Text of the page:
|European Case Law Identifier:||ECLI:EP:BA:2017:T154113.20171207|
|Date of decision:||07 December 2017|
|Case number:||T 1541/13|
|IPC class:||A61F 13/15|
|Language of proceedings:||EN|
|Download and more information:||
|Title of application:||RATIO OF ABSORBENT AREA TO OUTER PERIPHERAL AREA FOR DISPOSABLE ABSORBENT ARTICLES|
|Applicant name:||KIMBERLY-CLARK WORLDWIDE, INC.|
|Opponent name:||SCA Hygiene Products AB|
|Relevant legal provisions:||
|Keywords:||Amendments - added subject-matter (no)
Claims - clarity after amendment (yes)
Inventive step - (yes)
Summary of Facts and Submissions
I. An appeal was filed by the appellant (opponent) against the interlocutory decision of the opposition division in which it found that European patent No. 1 458 317 in an amended form met the requirements of the EPC.
II. The appellant requested that the decision be set aside and the patent be revoked. The respondent (patent proprietor) requested that the appeal be dismissed or, in the alternative, that the patent be maintained according to an auxiliary request.
III. The following documents, referred to by the parties in their submissions, are relevant to the present decision:
D1 US-A-4 355 425
D4 WO-A-01/82850, and
D5 US-A-5 846 232
IV. The Board issued a summons to oral proceedings and a subsequent communication containing its provisional opinion, in which it indicated inter alia that the subject-matter of claim 1 appeared not to meet the requirement of Article 123(2) EPC, that the alleged non-compliance with Article 84 EPC was seemingly not open to objection and that, if these objections were overcome, the presence of an inventive step in the subject-matter of claim 1 may be discussed.
V. With letter of 7 July 2017, the appellant indicated that it would not be attending the appointed oral proceedings, yet maintained its requests relying solely on its written submissions.
VI. With letter of 8 November 2017, the respondent withdrew its auxiliary request and filed new auxiliary requests 1 and 2.
VII. Oral proceedings were held before the Board on 7 December 2017, during which the respondent filed a new main request to replace all requests on file.
The respondent's final request was that the patent be maintained in amended form based on claims 1 to 18 as filed during the oral proceedings, description pages as amended during the opposition proceedings and the figures as granted. All other requests were withdrawn.
VIII. Claim 1 of the sole (main) request reads as follows:
"A disposable absorbent diaper having a longitudinal axis and a lateral axis generally defining longitudinal front and back halves (103, 101) of the diaper, said diaper having a stretchable chassis comprising:
a stretchable liner (5) adapted for contiguous
relationship with the wearer's body; and
a stretchable outer cover (17) in generally opposed relationship with the stretchable liner (5), the back half (101) of the diaper having a surface defined in full by at least one of said stretchable liner (5) and said stretchable outer cover (17);
wherein the liner and outer cover are both stretchable generally laterally of the diaper; and
an absorbent core (3) disposed between the stretchable liner (5) and the stretchable outer cover (17) and secured to at least one of said stretchable liner (5) and said stretchable outer cover (17), at least a portion (105) of said absorbent core (3) extending within the back half (101) of said diaper, characterised in that said portion (105) of the absorbent core (3) extending within the back half (101) of said diaper has a surface area (35) which is less than about 15% of the surface area (45) of the back half (101) of said diaper chassis."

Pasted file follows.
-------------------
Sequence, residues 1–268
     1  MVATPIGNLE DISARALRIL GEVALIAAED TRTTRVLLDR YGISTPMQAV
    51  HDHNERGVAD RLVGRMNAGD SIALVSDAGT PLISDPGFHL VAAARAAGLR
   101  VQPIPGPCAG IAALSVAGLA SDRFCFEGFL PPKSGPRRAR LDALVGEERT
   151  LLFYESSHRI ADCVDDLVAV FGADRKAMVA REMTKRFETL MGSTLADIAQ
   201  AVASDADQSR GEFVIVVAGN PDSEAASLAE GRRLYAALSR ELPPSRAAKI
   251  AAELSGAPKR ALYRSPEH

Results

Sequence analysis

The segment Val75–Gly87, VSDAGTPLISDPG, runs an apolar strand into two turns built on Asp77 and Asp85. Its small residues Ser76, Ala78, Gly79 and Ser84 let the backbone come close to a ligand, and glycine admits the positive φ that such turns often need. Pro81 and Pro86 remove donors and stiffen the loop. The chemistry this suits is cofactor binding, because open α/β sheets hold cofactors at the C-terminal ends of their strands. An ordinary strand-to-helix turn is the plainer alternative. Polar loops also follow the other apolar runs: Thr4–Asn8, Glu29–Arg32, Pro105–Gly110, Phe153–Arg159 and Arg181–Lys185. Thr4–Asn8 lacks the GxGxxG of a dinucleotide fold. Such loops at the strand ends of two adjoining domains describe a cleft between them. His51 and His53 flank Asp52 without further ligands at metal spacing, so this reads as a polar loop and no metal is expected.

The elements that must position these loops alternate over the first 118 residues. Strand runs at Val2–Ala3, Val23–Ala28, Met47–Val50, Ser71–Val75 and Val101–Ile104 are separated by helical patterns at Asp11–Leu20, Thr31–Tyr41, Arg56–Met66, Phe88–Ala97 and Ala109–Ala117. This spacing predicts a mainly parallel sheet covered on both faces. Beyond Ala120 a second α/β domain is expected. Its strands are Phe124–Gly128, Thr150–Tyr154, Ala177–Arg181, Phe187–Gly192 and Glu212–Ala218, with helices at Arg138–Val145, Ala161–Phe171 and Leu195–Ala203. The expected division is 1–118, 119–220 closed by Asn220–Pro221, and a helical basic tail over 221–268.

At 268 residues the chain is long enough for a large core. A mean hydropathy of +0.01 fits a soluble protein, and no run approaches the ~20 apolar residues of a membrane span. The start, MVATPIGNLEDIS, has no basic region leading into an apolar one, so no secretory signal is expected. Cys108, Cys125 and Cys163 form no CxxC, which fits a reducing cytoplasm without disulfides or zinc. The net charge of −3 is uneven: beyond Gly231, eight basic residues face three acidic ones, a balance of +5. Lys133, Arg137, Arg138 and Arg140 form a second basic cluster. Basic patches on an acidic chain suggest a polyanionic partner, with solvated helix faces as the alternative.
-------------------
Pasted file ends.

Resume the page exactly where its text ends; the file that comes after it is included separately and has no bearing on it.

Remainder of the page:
IX. The appellant's arguments included in its written submissions and relevant to the main request filed at oral proceedings may be summarised as follows:
Article 123(2) EPC
The subject-matter of claim 1 did not meet the requirement of Article 123(2) EPC. The claimed feature 'said portion of the absorbent core extending within the back half of said diaper has a surface area which is less than about 15% of the surface area of the back half of said diaper chassis' (hereafter referred to simply as the '15% of the surface area' feature) was disclosed only on page 41 of the application as filed specifically in relation to the preferred embodiment of the present invention. This preferred embodiment was further addressed on page 15, where the bodyside liner was indicated to be extensible, and again on page 19/20, where the outer cover was also said to be extensible. There was thus no unambiguous disclosure of the liner and cover being stretchable in combination with the feature regarding 15% of the surface area.
Whilst page 15, lines 8-10 disclosed the diaper including the liner and the cover forming the chassis, the diaper was further specified on page 10, lines 24 to 28 as having the liner and cover adhered with an adhesive with the absorbent core therebetween. These features could not be combined in a claim without also including the feature that the core was attached to the chassis by adhesive.
The use of reference numerals in different embodiments was not consistent in the application as filed, particularly with respect to the bodyside liner and the outer cover. Such an unclear disclosure should not allow the patentee to extend the scope of the original disclosure by combining different embodiments not originally envisaged to be combined.
Article 84 EPC
Claim 1 lacked clarity since it was unclear what constituted 'a surface' of the diaper. The original disclosure did not support the respondent's interpretation that the full outer and/or inner surface of the article consisted of a stretchable material.
Article 56 EPC
The term diaper was to be understood as including both a pant-type pre-assembled diaper and a fastenable diaper which was not pre-assembled. Starting from D3, this disclosed essentially all features of claim 1, excepting an explicit disclosure of the '15% of the surface area' feature. Starting from Fig. 1a of D3, the skilled person would be led to the claimed solution without an inventive step, particularly since no particular benefit of the 15% area was disclosed and this feature could thus be seen as arbitrary.
Further objections to the claims based on D1, D2 and D5 were as set out in the Notice of Opposition.
X. The respondent's arguments may be summarised as follows: